In a CNBC spot with Steve Liesman & Erin Burnett, I tried to explain why investors in bank stocks had good reason to be pleased with part of Fed Chairman Ben Bernanke’s speech. Judging by the response of Steve and Erin, and others on CNBC over the following day, I must not have been persuasive.
For clarification, I am quoting the exact language from Bernanke’s talk, with my emphasis added.
My main point is that Bernanke admitted that when it comes to the “financial crisis” of some big banks, this is largely an artifact of unduly harsh regulation being applied at the worst possible time:
There is some evidence that capital standards, accounting rules, and other regulations have made the financial sector excessively procyclical–that is, they lead financial institutions to ease credit in booms and tighten credit in downturns more than is justified by changes in the creditworthiness of borrowers, thereby intensifying cyclical changes.
For example, capital regulations require that banks’ capital ratios meet or exceed fixed minimum standards for the bank to be considered safe and sound by regulators. Because banks typically find raising capital to be difficult in economic downturns or periods of financial stress, their best means of boosting their regulatory capital ratios during difficult periods may be to reduce new lending, perhaps more so than is justified by the credit environment. We should review capital regulations to ensure that they are appropriately forward-looking…
Bernanke emphasized the regulators’ dangerous habit of raising capital requirements and loan loss reserves simply because of a strict mark-to-market misinterpretation of the “fair value” of mortgage-backed securities.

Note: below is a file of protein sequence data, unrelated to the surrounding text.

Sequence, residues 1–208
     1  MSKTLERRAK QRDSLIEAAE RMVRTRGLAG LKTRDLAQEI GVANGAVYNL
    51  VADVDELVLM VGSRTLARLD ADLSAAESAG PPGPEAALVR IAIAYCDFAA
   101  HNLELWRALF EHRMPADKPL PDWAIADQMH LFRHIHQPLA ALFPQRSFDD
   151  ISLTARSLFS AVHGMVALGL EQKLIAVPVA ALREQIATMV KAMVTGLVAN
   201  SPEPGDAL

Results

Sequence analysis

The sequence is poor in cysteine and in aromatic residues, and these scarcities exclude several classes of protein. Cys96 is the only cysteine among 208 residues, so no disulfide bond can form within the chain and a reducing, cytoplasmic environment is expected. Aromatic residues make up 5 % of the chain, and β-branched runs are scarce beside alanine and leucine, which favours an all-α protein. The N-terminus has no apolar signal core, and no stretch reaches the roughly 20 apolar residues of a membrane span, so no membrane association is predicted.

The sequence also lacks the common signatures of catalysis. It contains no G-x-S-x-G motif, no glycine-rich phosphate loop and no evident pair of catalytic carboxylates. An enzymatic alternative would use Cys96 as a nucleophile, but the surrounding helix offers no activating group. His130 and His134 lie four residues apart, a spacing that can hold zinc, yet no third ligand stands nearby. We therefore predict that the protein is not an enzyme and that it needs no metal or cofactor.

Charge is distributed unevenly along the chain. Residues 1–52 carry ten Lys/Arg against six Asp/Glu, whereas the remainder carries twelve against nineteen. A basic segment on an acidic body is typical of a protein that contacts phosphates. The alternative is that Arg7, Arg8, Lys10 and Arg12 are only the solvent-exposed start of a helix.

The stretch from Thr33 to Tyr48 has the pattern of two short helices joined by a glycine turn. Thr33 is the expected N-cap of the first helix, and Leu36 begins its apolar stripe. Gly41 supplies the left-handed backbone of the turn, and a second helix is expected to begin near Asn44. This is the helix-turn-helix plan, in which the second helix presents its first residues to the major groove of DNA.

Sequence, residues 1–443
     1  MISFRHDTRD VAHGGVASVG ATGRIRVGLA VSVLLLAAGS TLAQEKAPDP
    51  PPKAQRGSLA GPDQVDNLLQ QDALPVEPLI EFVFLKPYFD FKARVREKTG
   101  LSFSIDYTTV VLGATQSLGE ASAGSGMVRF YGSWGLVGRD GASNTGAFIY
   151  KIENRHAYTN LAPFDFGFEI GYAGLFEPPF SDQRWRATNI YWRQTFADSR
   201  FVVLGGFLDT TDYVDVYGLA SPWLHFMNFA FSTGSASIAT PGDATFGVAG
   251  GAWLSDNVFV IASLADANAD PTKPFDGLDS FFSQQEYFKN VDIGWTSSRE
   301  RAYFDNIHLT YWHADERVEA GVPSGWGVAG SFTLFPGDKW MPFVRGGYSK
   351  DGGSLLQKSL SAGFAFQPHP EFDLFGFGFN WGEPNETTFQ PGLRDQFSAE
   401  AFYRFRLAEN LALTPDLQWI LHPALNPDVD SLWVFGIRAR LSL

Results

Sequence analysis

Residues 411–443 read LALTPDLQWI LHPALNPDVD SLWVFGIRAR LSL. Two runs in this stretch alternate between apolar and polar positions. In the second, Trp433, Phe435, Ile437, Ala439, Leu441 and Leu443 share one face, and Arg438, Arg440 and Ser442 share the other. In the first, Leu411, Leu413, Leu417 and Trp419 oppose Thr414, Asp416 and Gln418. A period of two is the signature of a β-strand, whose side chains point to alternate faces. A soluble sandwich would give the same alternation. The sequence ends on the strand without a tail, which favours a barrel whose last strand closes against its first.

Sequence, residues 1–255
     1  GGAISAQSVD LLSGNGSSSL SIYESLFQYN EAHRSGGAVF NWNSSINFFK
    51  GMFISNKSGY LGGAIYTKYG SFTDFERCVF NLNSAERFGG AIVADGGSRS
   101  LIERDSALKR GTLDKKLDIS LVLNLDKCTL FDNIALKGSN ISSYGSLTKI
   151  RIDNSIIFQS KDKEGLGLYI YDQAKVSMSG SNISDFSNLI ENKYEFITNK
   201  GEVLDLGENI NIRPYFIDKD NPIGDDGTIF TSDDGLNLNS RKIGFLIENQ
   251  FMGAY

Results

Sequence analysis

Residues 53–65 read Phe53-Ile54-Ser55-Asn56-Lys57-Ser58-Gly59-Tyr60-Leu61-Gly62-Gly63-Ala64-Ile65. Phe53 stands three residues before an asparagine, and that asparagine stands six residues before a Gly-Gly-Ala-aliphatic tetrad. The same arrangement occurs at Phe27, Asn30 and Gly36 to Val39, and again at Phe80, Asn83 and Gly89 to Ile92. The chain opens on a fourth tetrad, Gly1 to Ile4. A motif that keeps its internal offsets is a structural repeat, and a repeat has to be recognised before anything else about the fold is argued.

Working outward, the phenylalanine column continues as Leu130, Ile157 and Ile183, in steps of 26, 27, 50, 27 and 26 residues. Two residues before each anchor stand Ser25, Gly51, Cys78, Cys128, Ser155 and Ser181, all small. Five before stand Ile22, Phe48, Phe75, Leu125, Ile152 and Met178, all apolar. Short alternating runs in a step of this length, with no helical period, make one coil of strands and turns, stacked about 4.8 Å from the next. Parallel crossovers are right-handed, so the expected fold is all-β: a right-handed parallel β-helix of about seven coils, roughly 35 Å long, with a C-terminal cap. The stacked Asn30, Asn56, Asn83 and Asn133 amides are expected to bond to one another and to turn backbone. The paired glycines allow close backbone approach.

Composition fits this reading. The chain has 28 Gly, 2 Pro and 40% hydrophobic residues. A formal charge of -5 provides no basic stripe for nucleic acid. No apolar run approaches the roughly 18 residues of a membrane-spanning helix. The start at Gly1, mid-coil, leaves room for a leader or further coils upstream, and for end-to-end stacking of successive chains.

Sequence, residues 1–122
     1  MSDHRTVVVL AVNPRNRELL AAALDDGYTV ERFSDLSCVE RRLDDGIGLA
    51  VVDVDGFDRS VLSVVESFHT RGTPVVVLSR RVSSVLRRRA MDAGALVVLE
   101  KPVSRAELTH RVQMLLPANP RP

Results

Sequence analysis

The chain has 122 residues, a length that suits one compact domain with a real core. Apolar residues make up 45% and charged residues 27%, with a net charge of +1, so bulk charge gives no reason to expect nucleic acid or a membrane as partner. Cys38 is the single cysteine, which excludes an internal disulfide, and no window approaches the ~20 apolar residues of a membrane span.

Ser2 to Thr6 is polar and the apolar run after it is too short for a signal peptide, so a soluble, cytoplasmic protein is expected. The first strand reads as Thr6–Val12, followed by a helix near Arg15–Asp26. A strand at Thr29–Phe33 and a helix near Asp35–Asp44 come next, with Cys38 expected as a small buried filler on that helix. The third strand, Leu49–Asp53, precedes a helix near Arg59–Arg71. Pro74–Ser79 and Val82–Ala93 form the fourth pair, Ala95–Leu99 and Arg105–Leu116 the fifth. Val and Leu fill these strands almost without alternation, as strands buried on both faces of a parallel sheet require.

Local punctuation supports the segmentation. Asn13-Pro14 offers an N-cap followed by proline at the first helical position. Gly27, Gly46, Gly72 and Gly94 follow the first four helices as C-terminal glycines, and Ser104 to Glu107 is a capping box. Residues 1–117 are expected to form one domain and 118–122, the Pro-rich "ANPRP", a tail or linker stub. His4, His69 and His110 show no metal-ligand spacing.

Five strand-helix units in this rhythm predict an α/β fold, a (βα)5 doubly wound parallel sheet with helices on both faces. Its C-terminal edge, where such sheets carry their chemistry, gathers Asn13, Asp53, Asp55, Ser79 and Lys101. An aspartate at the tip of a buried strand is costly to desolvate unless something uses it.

He noted that:
Determining appropriate valuation methods for illiquid or idiosyncratic assets can be very difficult, to put it mildly. Similarly, there is considerable uncertainty regarding the appropriate levels of loan loss reserves over the cycle. As a result, further review of accounting standards governing valuation and loss provisioning would be useful, and might result in modifications to the accounting rules that reduce their procyclical effects without compromising the goals of disclosure and transparency.
The key here is Bernanke’s criticism of the rigid use of Basel capital standards, not mark-to-market information per se (which would be harmless if it did not trigger foolish regulations). When combined with Barney Frank’s similar comments on the same day, it begins to look as though sensible economics might finally take priority over dubious bookkeeping.